Bus shows students choices
By Phyllis Moore
Published in News on May 10, 2009 2:00 AM
Brogden Middle School student Anthony Bizzell, 14, steps inside a re-creation of a jail cell on the Choice Bus on the bus' visit to Brogden Wednesday.
Eighth-grade students at Dillard Middle School lined up to board a bus in the school parking lot Wednesday morning, unaware that within minutes their entire future would be questioned.
"Choice Bus," a modified school bus that is half classroom, half prison cell, is meant to illustrate what can happen to students if they drop out of school.
Created by the Mattie C. Stewart Foundation, an Alabama-based nonprofit organization dedicated to reducing dropout rates, AT&T of North Carolina sponsored the bus that made two stops in Wayne County, including one at Brogden Middle School that afternoon.
Groups of students first viewed a short video featuring prisoners sharing their stories, most expressing regret over choices they had made that led to their incarceration. An announcer also quizzed the audience, revealing that 75 percent of prisoners are high school dropouts, while 81 percent of inmates can't read or write.
As the screen faded and the TV was moved aside, a curtain was pulled to reveal a jail cell.
"It's an exact replica of a cell that one of the inmates in the documentary, Monique, stayed in," said Phil Christian, executive director of the Stewart Foundation. Monique, he explained, is now 19, but was 14 when she committed the crime and made the bad choices that led to her own imprisonment.
"Young people can really relate to it because she was their age," he said.
It's an 8x8 cell, fairly large by prison standards, Christian said. Students are invited in groups of four to experience what it feels like to be inside. Within the small space, there is a bed, a toilet and a sink.
"Everything is authentic," Christian said. "It was donated by the Alabama Department of Corrections."
As students exited the bus, Trent Miller of AT&T of Goldsboro handed each a pledge card.
Its message elicits the following commitment: "I do hereby pledge to graduate from high school. I solemnly promise for myself and for my future to study hard and to remain in school. I promise to graduate and fulfill my potential. I promise to not cut classes. I will not be lured away by distractions that hinder my education. I will not turn to a life of poverty and crime. I will follow my dreams and become all I can be."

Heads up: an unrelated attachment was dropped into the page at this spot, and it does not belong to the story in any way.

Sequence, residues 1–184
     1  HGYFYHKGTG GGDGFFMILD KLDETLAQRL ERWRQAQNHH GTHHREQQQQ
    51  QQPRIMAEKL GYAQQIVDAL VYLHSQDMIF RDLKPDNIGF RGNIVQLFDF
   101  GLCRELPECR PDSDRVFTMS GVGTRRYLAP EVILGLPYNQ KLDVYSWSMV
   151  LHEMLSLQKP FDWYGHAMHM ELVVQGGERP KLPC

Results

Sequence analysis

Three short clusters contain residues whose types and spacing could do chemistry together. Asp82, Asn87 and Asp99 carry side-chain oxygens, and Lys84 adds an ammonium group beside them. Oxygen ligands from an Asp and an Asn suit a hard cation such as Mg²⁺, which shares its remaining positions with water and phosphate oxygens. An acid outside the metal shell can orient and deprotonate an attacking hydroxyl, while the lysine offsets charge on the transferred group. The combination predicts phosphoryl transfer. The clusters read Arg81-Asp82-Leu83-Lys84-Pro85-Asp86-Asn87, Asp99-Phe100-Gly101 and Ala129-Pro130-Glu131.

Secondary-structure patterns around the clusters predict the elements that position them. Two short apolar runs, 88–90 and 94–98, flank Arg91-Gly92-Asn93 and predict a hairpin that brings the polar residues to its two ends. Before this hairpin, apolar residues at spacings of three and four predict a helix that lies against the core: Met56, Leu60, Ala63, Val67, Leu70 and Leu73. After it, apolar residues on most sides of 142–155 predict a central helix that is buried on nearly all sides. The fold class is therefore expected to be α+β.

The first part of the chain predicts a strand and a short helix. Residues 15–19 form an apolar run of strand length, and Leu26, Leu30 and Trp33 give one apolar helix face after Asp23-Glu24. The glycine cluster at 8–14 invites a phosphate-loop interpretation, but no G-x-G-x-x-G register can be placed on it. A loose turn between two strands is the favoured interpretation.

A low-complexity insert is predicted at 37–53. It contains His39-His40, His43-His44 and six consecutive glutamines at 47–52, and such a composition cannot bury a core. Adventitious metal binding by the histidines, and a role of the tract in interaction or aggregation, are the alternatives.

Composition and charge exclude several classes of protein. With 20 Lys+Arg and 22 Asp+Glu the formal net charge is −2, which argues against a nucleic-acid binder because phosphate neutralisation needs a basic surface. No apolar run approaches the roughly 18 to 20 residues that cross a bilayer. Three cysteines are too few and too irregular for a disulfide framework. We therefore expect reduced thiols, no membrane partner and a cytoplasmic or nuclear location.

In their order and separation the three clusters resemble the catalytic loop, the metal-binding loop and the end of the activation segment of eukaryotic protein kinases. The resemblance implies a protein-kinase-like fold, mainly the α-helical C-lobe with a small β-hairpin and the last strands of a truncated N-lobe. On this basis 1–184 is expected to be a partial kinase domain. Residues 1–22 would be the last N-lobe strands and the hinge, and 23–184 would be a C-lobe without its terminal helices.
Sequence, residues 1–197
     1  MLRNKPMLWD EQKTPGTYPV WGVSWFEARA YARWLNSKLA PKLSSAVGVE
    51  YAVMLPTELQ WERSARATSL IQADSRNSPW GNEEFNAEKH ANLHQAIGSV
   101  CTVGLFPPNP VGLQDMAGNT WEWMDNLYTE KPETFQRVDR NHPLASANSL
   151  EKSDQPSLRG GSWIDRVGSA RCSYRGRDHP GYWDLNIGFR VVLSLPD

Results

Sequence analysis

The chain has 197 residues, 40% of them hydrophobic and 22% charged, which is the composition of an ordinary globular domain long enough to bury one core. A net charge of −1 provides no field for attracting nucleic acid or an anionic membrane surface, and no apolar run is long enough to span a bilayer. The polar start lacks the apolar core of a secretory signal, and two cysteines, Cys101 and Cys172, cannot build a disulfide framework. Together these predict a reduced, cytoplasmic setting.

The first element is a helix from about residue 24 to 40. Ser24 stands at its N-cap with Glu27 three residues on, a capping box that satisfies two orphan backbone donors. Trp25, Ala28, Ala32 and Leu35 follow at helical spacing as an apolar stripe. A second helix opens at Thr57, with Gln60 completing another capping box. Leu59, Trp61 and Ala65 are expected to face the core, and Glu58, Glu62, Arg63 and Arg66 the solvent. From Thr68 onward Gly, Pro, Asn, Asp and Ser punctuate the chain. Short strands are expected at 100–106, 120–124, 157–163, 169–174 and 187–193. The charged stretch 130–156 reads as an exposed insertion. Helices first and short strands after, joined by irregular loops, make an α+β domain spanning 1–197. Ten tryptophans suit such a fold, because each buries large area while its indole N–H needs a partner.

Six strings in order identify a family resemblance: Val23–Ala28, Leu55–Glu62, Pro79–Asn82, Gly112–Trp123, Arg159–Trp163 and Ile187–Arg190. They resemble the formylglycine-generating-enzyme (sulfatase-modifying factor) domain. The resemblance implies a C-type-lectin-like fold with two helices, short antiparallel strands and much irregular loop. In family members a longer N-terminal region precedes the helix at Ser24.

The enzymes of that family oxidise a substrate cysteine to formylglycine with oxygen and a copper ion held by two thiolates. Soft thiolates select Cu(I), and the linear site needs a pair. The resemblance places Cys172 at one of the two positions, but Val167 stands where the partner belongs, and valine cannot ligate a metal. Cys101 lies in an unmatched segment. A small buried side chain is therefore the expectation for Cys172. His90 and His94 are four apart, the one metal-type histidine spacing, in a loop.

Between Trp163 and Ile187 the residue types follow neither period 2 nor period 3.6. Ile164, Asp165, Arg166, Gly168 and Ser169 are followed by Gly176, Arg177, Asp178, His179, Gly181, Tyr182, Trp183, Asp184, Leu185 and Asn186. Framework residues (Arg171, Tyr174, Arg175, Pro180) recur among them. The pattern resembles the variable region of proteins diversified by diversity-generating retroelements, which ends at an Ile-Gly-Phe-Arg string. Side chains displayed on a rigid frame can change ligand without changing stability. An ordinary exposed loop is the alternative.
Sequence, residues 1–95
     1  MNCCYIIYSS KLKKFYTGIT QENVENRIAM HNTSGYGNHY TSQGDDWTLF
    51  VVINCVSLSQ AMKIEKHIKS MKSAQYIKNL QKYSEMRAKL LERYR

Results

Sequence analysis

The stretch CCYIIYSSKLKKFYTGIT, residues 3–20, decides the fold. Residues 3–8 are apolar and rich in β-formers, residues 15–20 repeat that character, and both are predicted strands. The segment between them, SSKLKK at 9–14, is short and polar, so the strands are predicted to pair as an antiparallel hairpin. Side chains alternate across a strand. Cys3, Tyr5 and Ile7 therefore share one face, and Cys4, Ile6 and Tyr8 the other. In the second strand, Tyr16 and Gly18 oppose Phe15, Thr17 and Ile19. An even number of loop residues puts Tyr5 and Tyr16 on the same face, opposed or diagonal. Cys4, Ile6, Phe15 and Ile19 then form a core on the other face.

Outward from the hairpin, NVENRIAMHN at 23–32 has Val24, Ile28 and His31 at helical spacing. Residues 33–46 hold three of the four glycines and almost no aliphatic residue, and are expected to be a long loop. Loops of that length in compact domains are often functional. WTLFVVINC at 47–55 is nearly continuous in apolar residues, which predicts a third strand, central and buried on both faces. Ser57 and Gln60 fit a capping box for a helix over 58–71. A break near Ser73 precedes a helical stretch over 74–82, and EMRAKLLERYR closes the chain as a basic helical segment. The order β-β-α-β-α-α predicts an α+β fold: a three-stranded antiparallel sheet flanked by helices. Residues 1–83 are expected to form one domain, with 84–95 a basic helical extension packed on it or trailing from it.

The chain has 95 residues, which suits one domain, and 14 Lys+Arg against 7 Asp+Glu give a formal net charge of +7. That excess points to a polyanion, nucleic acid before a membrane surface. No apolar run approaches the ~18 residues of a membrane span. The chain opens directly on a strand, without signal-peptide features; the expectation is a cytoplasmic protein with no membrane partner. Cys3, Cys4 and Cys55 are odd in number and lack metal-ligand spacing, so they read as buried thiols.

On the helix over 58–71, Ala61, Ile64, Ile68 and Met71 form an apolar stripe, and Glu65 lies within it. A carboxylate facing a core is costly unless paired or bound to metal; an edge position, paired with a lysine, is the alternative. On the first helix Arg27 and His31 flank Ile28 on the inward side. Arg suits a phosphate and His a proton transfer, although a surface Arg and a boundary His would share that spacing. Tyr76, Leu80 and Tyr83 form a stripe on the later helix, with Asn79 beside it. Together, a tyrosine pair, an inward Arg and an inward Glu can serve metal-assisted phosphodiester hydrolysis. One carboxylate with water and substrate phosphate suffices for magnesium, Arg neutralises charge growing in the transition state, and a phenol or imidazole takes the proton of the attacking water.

Ideally, it will evoke a positive response, Christian said.
"The pledge card is designed to take back to their classroom, (students are to) read it carefully and if they believe what it says, they can sign it and turn it back in," he said. Cards will then be displayed in the classrooms as a reminder of the commitment students have made -- to themselves, their peers and their families.
The method has proven to be successful, Christian said.
"Since we launched this bus in October 2008, we have been to five states and had 40,000 students go through it," he said. "Choice 2 is being built now, and we plan to add an additional eight more to have a total of 10 by 2010."
It is already much in demand, with school systems across the country responding "in a big way," he added.
Officials from the school system and other local agencies turned out for ceremonies at each of the schools.
"It's such an honor to have this bus in our district," said Dr. Steve Taylor, superintendent of schools. "We have tried to put in place lots of strategies to improve the dropout rates. In the last two years, we have had an explosion of programs that we have put into the high schools. We understand certainly that the first ticket to success is graduating from high school."
Driving into the parking lot, Taylor said, he observed it was a cloudy day. Fitting, he thought.
"It's probably a good day to have this," he told those gathered at Dillard, "because if you were in jail, every day is probably a cloudy day."
The dreary atmosphere of a jail cell was not lost on the students, either.
"That jail (cell), it was so small, and that toilet," cringed Malik Miller.
"It was scary being in that cell, it was scary and terrifying," added Bakari Hamilton.
Classmate Isaac Taylor pointed out, "When you walk into a cell, you just put your whole life behind you."
Fortunately for those who toured the bus, they are still able to make a different choice.
"I learned that it's a better idea to stay in school than drop out," Isaac said.
"For me, I liked the Choice Bus because if you make a certain choice, you have a consequence to every choice," Bakari said. "You can decide now what you want to do."
"I think it was very inspiring because it makes the point that being in jail is not a good thing to do," said Kiandria Dixon.
The harsh reality made such an impression on Bakari, he offered some advice to other youth.
"Jail is scary," he said. "People shouldn't go there. Don't go there, I advise you not to."
The pledge card will also help keep students keep their goal in front of them, Isaac said.
"This is a good way to help students, to organize their promises and stay true to themselves and not make the wrong choices," he said.
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